Written by Alexis-Michel Schmitt-Cadet
Wake Up Montréal has had many lives. It was first formed by Vietnamese practitioners in Montréal, but then the Sangha was on hiatus for a few years after the first members left. In 2014, I left France to join my wife Léa who had been living in Montréal for a year, and I resumed my studies in criminology at the University of Montréal. With the experience I had gained with Wake Up Paris during the year before my departure, I immediately wanted to extend this fantastic experience in my new adopted city.
A few weeks after my arrival, I wanted to start a meditation group at the university. A student group, SOI – Le salon Zen (The Zen Lounge), had formed a few months ago and had already proposed for activities related to the well-being of the students at the university. At the time, there was no meditation group. SOI – Le salon Zen had just been granted $1,700 to purchase meditation cushions and stools. So I started to get involved in SOI – Le salon Zen by offering a 1-hour weekly meditation at noon during the first trimester. I followed the practice we had in Wake Up Paris, and I adapted it.
Several students at the University of Montréal know Thay’s teachings. We begin each session with a 20-minute sitting meditation, where I guide the first 10 minutes. The next 10 minutes are in silence. Depending on the room we reserved, we practice either walking meditation or some of the 10 mindful movements. I also take a teaching of Thich Nhat Hanh by adapting to the context of the university: I invoke peace, compassion, and love. Then we finish by sharing about our experiences during the session or what happened during the week. Since this activity was a great success, I proposed two weekly meditations for the following trimester. In the winter of 2015, after making friends, we switched to five weekly meditations to offer meditation in several buildings of the University of Montréal.
During these two years of experiences, I discovered the strength of the teachings that had brought me to life when I was in France. I had the opportunity to discover very solid friends who formed the core group of Wake Up Montreal. Anissa, Daphne, Nicolas, Olivier have had their turn in beginning to facilitate meditations. In addition to meditation, we have organised the Laughter yoga, free hugs in the subway, yoga activities and vegan cooking, lectures on animal ethics, a handpan workshop (an instrument of extraordinary music), a painting activity by incorporating rocks in paintings… After noticing that students (and staff who are beginning to join us) were not aware of the different meditation practice centers in Montreal, I created a cycle of workshops on “meditation – a universal teaching.” To do this, I invited several teachers from the Shambhala tradition, MBSR, monks from the Forest Tradition, and of course Plum Village with a lay teacher. This past May, monastics from Blue Cliff Monastery, who toured around Québec, came to lead a practice at the university.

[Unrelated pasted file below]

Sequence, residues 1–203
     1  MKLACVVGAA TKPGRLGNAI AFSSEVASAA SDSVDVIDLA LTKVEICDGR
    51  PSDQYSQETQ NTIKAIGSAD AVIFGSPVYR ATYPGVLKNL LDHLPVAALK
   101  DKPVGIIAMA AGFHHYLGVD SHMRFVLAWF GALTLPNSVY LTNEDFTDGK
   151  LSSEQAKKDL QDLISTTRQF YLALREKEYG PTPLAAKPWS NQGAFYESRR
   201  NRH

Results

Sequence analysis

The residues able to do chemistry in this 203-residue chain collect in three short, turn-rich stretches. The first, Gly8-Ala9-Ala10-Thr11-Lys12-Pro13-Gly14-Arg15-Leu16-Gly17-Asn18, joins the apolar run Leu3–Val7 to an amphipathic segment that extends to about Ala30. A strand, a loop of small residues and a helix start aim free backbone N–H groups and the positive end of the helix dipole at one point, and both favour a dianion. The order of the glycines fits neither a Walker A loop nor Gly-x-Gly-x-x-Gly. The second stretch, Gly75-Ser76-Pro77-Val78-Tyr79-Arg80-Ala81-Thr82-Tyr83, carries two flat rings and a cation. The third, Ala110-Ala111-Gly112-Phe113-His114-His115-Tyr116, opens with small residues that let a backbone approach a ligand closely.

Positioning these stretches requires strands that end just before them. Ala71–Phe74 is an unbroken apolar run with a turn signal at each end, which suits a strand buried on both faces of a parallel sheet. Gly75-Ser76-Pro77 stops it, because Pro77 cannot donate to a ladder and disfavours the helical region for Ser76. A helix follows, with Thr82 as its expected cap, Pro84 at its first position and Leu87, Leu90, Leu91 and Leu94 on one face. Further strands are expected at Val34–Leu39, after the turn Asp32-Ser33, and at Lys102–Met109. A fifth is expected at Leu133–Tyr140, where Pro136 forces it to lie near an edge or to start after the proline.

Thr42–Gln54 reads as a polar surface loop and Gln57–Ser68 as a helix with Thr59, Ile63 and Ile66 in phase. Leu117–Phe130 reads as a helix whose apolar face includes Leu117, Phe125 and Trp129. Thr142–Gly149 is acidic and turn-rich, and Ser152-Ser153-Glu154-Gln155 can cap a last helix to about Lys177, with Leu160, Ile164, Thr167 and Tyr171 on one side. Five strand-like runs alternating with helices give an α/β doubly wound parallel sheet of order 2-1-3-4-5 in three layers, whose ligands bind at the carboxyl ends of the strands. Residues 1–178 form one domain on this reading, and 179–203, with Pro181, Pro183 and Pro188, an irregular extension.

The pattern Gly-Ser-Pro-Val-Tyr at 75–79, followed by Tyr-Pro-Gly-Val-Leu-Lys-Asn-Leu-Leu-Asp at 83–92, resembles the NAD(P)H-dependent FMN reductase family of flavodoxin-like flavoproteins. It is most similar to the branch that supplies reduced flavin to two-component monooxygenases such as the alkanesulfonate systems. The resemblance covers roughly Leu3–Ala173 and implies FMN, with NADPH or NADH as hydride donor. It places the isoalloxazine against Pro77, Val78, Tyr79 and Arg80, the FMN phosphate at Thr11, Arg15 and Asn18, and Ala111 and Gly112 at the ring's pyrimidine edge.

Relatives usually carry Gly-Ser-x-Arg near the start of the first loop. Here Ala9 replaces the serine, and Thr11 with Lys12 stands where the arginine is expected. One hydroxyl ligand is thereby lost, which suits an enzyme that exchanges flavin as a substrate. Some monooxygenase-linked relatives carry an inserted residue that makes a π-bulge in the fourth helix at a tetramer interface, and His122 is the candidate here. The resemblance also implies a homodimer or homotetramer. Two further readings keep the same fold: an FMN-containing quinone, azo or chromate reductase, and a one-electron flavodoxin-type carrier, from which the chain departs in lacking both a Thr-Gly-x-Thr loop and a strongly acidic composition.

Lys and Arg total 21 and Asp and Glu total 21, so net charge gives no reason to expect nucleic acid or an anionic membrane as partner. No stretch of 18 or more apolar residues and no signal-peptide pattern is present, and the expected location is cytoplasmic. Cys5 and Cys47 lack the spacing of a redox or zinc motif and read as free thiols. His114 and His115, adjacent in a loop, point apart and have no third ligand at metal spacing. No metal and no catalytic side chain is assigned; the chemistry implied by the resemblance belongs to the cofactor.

In addition, several Wake Up members tried different experiences outside the University of Montreal. Léa, my wife, started a group at the University of Québec in Montréal, where she studies. Both of us tried to offer monthly practice there, but we had to stop because of lack of space. We are seeking a larger venue. Finally, we had the opportunity in September 2015 to organize a 1-week Wake Up retreat at the Maple Village with Wake Up Ottawa and Wake Up Toronto. Later this month, Wake Up Montréal is organizing a 1-week retreat at the Maple Village. I am very grateful to Vanya and Ba-Chinh who have worked a lot to help organize it.
With my friend Nicolas, one of the facilitators of SOI – Le salon Zen (The Zen Lounge), we wanted to support the participants in meditation groups to deepen their practice. Nicolas had the idea to create the “Mindfulness Twins.” We bring students and staff together so they can help one another in their practice. A longtime meditator is paired with a new meditator, and each one takes turns of sharing news and encourages the other in difficult times they may be going through. Every month, the meetings allow the participants to meet together and share about their mindfulness practice.
Then Nicolas had the great idea of creating a “Path of Mindfulness.” In this process, we propose a structure adapted to each person who wants to deepen his or her commitment and practice of mindfulness. We offer a list with teachings of various traditions; we ask for a greater participation in weekly meditation groups, assistance for the organization of our annual retreat, and prepare the participants to gradually facilitate meditation groups. This allows us to ensure that the meditation group at the University of Montréal will continue after the end of our studies.
With Vanya, Ba-Chinh and Léa, we will find a venue outside the university to further promote the practice of Wake Up in Montréal starting in September 2016.